The developer of a proposed mixed-use project including a hotel and restaurants at 11 Ravinia Parkway was dealt a surprise when the Dunwoody City Council voted unanimously Sept. 9 to send their plans back to the Planning Commission for further vetting.

An illustration of the proposed mixed-use development at 11 Ravinia Parkway includes an 8-story hotel at the right. Retail and restaurants are included in the other buildings to stand no higher than two stories.

Councilmember Jim Riticher made the motion to essentially start the rezoning process for the proposed project from square one. He said it appeared the Planning Commission and City Council were considering vastly different projects and he wanted the Planning Commission to have the same information the council did as part of its considerations. Council members did not discuss the vote further.

The vote caught the development team by surprise. They arrived at the meeting ready to discuss their plans as part of the second and final presentation of their rezoning request. The council heard the first presentation of the rezoning request last month.

“We had no idea,” Kathy Zickert, attorney for GMC Real Estate Acquisitions, said in a brief interview when asked about the council’s vote.

“No one mentioned it at the city. We feel a little blindsided,” she said.

The developer is seeking to rezone approximately 4 acres of undeveloped land at the Ashford-Dunwoody Road and I-285 intersection.

The proposed project includes an InterContinental Hotels Group 8-story boutique hotel with 275 rooms at between 140,000 to 150,000 square feet; 12,500 square feet of shops; 30,000 square feet of restaurants; a parking deck; and streetscape amenities.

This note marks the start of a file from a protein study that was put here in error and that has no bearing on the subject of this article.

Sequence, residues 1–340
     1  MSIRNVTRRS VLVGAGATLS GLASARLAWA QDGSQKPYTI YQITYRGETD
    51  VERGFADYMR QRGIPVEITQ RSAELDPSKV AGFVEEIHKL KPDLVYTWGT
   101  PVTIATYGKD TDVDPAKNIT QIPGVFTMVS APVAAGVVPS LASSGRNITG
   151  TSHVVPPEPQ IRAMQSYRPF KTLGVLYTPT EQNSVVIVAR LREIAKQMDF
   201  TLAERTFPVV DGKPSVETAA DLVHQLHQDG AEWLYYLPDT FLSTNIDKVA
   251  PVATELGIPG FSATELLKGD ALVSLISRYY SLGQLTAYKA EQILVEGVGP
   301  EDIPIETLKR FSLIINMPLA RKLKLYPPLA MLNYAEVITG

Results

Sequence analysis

Questions from the council during GMC Real Estate Acquisition’s first presentation in August ranged from tree loss to stormwater drainage to potential impacts of the I-285 toll lane project on the proposed development.

There were also several questions about pedestrian and bicycle connectivity on Ashford-Dunwoody Road as well as how the proposed development could impact the city’s long-talked about “westside connector.”

The “westside connector” calls for constructing a distributor ramp to provide access between I-285 to Perimeter Center Parkway, eliminating the existing “weaving problem” on Ashford-Dunwoody Road between I-285 and Hammond Drive, according to city officials. A multiuse trail is also planned to be part of the project to provide pedestrian connectivity across Ashford-Dunwoody Road.

In an interview, Riticher said the proposed project in front of the City Council was much different than the one the Planning Commission voted in July to recommend approval.

“There were some fairly significant differences between what they [the Planning Commission] were presented and what we were presented,” Riticher said in an interview.

Riticher did not elaborate specifically on what those differences were, but indicated there were some discrepancies on zoning conditions and right-of-way access that became apparent at last month’s meeting.

“What the developer told the Planning Commission they would do was different than what they told us what they would do,” Riticher said.

Community Development Director Richard McLeod said he learned a few hours before the meeting that the council planned to send the proposed project back to the Planning Commission. Sending the project back to the Planning Commission means the developer has to start the approximate 4-month rezoning process all over.

When asked what differences there were between what the Planning Commission reviewed and what the council reviewed, McLeod said the Planning Commission did not have a traffic study as part of its review of the project. The City Council did have a traffic study completed in time for the first read. He could not comment further on the council’s vote.

 

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